Students Sean Lombard and Wilson Mei, who have both recently finished their first year of medical school at the University of New England (UNE), completed a one month pilot immersion program at Northeastern Vermont Regional Hospital (NVRH) and Northern Counties Health Care on June 7, 2019. This immersion program, which is the first to run in Vermont’s Northeast Kingdom for UNE’s College of Osteopathic Medicine, is intended to introduce and highlight patient-centered care early on in a medical student’s education.
“It’s a great way to start early in training to understand what options lie ahead for the future,” said Dr. Victoria Thieme, DO, Director of Clinical Experience for UNE Osteopathic Medicine.
Three years ago, Laura Newell, VP of Medical Practices at NVRH, met with Christopher Towne, Director of Federally Qualified Health Centers (FQHC) Operations at Northern Counties Health Care, Inc. and Dr. Thieme to establish a way for UNE students to get more clinical experience early in their medical school training. This experience not only introduces students to different specialties and methods of practicing medicine, it highlights the importance and value of practicing in Vermont’s rural and underserved communities.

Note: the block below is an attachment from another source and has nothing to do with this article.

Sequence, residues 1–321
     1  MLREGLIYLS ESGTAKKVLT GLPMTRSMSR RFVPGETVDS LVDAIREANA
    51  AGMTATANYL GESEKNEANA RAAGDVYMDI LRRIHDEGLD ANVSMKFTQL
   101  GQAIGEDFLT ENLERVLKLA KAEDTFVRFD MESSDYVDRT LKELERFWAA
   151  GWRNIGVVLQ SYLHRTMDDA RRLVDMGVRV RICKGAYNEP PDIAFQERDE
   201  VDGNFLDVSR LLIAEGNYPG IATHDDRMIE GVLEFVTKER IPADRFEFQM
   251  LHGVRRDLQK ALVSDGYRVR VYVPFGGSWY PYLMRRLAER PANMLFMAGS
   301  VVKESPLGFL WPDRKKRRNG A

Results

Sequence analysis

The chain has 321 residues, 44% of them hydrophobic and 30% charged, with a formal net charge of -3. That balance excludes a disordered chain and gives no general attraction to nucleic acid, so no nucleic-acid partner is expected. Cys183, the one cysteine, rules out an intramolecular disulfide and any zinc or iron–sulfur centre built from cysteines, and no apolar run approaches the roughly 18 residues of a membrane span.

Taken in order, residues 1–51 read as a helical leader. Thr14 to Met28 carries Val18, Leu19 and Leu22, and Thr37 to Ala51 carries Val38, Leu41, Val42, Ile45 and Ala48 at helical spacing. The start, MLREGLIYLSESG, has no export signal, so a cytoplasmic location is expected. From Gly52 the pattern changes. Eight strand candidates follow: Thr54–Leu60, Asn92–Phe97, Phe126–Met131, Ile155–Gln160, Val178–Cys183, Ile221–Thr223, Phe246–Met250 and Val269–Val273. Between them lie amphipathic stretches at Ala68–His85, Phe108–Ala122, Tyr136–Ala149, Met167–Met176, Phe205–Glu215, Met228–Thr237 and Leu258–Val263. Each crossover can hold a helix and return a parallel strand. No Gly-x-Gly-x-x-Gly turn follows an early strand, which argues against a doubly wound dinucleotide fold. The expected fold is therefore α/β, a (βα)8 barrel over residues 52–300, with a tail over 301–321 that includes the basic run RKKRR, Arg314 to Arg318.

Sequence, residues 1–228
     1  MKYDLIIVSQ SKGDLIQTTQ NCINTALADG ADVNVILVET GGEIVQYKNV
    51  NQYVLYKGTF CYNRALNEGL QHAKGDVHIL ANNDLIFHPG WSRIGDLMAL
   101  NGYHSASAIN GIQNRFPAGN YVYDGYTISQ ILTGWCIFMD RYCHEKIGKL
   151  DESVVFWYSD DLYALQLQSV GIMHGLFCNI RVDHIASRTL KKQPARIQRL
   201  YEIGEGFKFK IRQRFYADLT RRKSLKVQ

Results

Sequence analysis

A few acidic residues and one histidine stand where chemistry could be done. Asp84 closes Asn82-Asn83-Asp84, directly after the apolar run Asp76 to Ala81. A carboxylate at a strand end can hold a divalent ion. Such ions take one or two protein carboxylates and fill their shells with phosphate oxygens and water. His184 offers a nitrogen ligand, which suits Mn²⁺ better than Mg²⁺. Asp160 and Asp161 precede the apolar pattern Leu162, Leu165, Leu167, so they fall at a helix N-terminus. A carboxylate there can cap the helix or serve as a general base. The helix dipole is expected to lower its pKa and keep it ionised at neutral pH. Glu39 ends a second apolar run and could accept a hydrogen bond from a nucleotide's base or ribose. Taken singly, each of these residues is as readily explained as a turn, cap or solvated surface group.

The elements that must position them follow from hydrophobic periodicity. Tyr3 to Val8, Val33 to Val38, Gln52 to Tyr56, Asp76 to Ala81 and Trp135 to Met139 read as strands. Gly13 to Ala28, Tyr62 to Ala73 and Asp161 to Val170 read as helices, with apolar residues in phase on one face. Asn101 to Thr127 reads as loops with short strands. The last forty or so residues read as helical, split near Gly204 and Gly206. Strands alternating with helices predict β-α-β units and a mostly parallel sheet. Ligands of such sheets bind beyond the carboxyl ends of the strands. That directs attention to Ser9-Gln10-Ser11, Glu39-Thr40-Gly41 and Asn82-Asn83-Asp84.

There is also a research component. Lombard worked with Dr. Thieme to design a project that would look at how individuals with substance abuse disorders are tracked. Vermont’s system of Medication Assisted Treatment is through the Hub and Spoke model, which supports people in recovery from opioid use disorder by offering “hubs,” locations that offer daily support, and “spokes,” supports set up within general healthcare services. Lombard, Mei and a third student who participated in an immersion program in Maine, which does not have a Hub and Spoke model, gathered data and plan to compare outcomes.
The focus of UNE’s immersion program is to expand student interest through shadowing, potentially connecting new-found interests with rural healthcare needs.
“I had immediately ruled out psychiatry and family medicine,” said Mei. “But having shadowed in family medicine and psychiatry, I realize I was entirely wrong about my perception of these fields. Being exposed to all these different departments, I got to see a wide range of what it means to be a rural physician. Going into 2nd, 3rd and 4th year, I’ll be more open minded.”
“You see people who are really good at what they do,” said Lombard. “And you want to be like that.”
Press Release courtesy of Northern Vermont Regional Hospital